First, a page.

Lord Murray of Epping Forest: I find myself rather more optimistic than the noble Earl, Lord Onslow. It is surely not impossible that if there is a clear and definite obligation laid by the Act on the need to take account not only of the interests but of the views of a child, and that is explicated and spelt out, it may be just possible that it could make the warring parents address themselves to this enormously important aspect of their marriage and pay just a little more attention to it. If, by putting this on the face of the Bill, we produced in only a handful of cases a balancing factor which perhaps tipped the couple away from divorce, then I believe that that in itself would totally justify the amendment, which I would very much support.

It is important, as the noble Baroness emphasised, for the court and the mediators not only to take into account the interests of a child but also its views. The child should be told what is happening and given support where necessary and also advice. The noble and learned Lord, Lord Simon, said that it is a matter of argument as to who can best provide the advice. I tend to think that specialised officers would be better than the Official Solicitor, but that is a matter for discussion.

We should recognise that this is not a divorce Bill. It is not just a matter of the divorce of the parents. This is a family law Bill. I would emphasise that the children themselves are at least as important as the warring parents and should have their proper place in the context of this Bill.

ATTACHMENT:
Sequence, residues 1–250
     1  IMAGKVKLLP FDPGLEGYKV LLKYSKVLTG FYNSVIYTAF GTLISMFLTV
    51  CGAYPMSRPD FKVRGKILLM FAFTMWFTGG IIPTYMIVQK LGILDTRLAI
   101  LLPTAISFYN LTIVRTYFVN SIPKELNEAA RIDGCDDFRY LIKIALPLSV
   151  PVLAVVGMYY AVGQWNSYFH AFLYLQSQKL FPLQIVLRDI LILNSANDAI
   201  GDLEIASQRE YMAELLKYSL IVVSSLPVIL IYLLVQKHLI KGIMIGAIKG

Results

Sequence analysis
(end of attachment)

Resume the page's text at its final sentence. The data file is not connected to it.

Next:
Lord Elton: Your Lordships have not so far looked at Amendment No. 118 which falls within this group. It requires a child protection agency to provide help and advice to children of divorced parents, who find themselves disadvantaged by the terms laid down by the court. I do not suppose that we are meant to crawl over that too closely and ask at what stage a child may find itself disadvantaged, but I think it would be proper to ask why we are treating children as all being the same. How is the agency to give advice to a child of, say, three or of three months and how will that differ between a child of 13 or 17? These are practical and important

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questions which need to be resolved. I take it, therefore, that this is only a probing amendment because clearly it would not serve as it now stands.

Coming back to the original Amendment No. 35, if the amendment really laid on the parents a duty--which clearly in moral law they already have--to consider the interests of the child there would be no harm in it at all and it would be very much a matter of apple pie and mother love as being something which one could not criticise. However, it does require the parents to have regard to the views of a child if it wishes to express them; and again, of course, the child may be of any age, even an infant. I hope that your Lordships will remember what the noble and learned Lord, Lord Simon of Glaisdale, said and the light thrown on this by my noble friend Lord Onslow. Many of us who support this Bill do so precisely because it gives a narrow avenue in which it is possible to some limited extent to protect children from the devastating effects of being mixed up in a divorce.